Did they die in vain?

By Steve Woodward

The sobering realization defining Memorial Day 2023 is that they might have died in vain. In all of the wars. Across all of the many decades.

This foreboding thought came over me as I listened to the words of prolific war historian Patrick K. O’Donnell during a podcast this morning. He described uncommon valor displayed by common citizens motivated by nothing more than a sense of duty to defend American freedom and advance liberty beyond our shores.

Generations of Americans have honored the unfathomable courage of the men and women who wore the uniform. Not in parades. But on battlefields strewn with carnage, obscured by smoke and flying shrapnel and haunted by the din of youngsters crying in agony until they fell silent.

The boys of Pointe du Hoc, D-day 1944

With so much detailed documentation on film and in literature of their sacrifices and what they preserved — freedom from tyranny that defined virtually all of human history — how have Americans arrived at a dangerous crossroads where indifference meets ignorance?

Patriotism, Christian faith and devotion to the nuclear family are not merely wavering. These tenets of American stability are in free fall. Young people are taught — in no uncertain terms — that America was unjustly founded by white racists whose racism remains engrained in every thread running through our culture, and that our Judeo-Christian heritage is sexist and cruel.

We face new generations of adults who do not love, and might more often loathe, our country. We face waves of undocumented, illegal immigrants who long to populate our soil but will never assimilate or vote, and would kill any one of us to seize our property. And we have children in public education systems who are mocked for praying, bullied for displaying an American flag and groomed to question everything about their very humanity.

Americans in 1998 who recognized that patriotism was very important to them comprised 70 percent in a survey. A survey released in March 2023 finds just 38 percent today acknowledging the importance of patriotism in their lives. Hand in hand with this erosion is a steep decline in those who say religious faith is very important. In 1998, 62 percent said it was; today, 39 percent agree.

And the trends are even more alarming among young Americans. Merely 23 percent of adults under age 30 said in the new survey that patriotism was very important to them personally, compared with 59 percent of seniors ages 65 or older. 

(Editor’s note: The Wall Street Journal survey conducted with a nonpartisan research organization, NORC, polled 1,019 people from March 1-13, 2023, mostly online. The margin of error was plus or minus 4.1 percentage points. Read more.)

During a recent segment of a program he hosts on Epoch TV, Joshua Phillip lamented these trends. “This is a very unhealthy thing because patriotism is what holds up generationally the idea that represents what a nation is,” he said. “You can only go a couple of generations without that before, basically, you have a restructuring.” Or a collapse.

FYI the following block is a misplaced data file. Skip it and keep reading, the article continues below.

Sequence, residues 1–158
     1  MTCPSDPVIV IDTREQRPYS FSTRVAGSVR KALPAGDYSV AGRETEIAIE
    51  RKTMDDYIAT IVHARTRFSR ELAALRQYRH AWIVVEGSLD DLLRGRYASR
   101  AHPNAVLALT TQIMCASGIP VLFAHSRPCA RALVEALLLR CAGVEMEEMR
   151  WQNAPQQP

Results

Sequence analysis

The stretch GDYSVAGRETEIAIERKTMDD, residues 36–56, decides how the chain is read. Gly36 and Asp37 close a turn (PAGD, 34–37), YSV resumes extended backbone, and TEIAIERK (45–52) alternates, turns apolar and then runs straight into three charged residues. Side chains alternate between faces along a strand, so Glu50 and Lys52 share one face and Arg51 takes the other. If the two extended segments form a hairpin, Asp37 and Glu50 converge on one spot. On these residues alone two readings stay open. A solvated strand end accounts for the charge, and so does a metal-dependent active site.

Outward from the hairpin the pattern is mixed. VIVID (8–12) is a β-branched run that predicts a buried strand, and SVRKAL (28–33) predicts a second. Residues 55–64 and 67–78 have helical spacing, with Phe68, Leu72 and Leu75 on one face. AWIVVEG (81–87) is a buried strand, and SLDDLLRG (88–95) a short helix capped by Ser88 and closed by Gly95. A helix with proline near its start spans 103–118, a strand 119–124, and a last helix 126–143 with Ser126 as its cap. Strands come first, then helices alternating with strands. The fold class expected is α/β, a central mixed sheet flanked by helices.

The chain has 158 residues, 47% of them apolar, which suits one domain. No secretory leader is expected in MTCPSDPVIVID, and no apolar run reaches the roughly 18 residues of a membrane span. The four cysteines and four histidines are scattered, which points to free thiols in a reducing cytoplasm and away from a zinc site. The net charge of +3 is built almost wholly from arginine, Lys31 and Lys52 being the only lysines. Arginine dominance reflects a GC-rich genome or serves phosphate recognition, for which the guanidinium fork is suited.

In his farewell address to the nation in 1989, President Ronald Reagan more or less forecasted declining patriotism, warning of “an eradication of the American memory (of military sacrifice) that could result, ultimately, in an erosion of the American spirit.”

In his American experience in the 20th century, “we were taught, very directly, what it means to be an American,” Reagan said. “And we absorbed, almost in the air, a love of country and an appreciation of its institutions. If you didn’t get these things from your family you got them from the neighborhood, from the father down the street who fought in Korea … or you could get a sense of patriotism from school.”

Reagan in Normandy, June 6, 1984

The America Reagan knew and reflected on just 33 years ago has all but vanished. In the same address, Reagan recalled a speech in France.

“(In 1984) on the 40th anniversary of D-day, I read a letter from a young woman writing to her late father, who’d fought on Omaha Beach. (She wrote), ‘We will always remember, we will never forget what the boys of Normandy did.’

“Well, let’s help her keep her word. If we forget what we did, we won’t know who we are.” 

President Joe Biden, in his Memorial Day 2023 remarks, issued a hollow pledge: “Today we rededicate ourselves to the work for which they gave their lives.”

To what work does he refer? Infusing the modern military with LGBTQ sensitivity training? Diminishing America’s stature on the global stage by our deference to China? Threatening national sovereignty by deliberately failing to protect our nation’s southern border with Mexico from full-blown invasion? Proposing electrical vehicles to replace existing military fleets? Locking down citizens and crushing our liberties at the behest of shadowy terror merchants in the World Health Organization and Centers for Disease Control? Accepting as normal lawlessness in our cities?

It is beyond nauseating to recognize that they gave their lives and, yet, in a matter of generations the freedoms for which they fought, cloaked by God’s divine providence, would be trampled by the Godless and the deranged, the weak and the self-absorbed, and by deeply evil fellow citizens who control levers of power, influence and wealth.

Almost 80 years after terrified American boys courageously stormed the beaches on the Normandy coast, let us summon anew their courage and valor, not in a faraway land, but to defeat, decisively, our enemies within.

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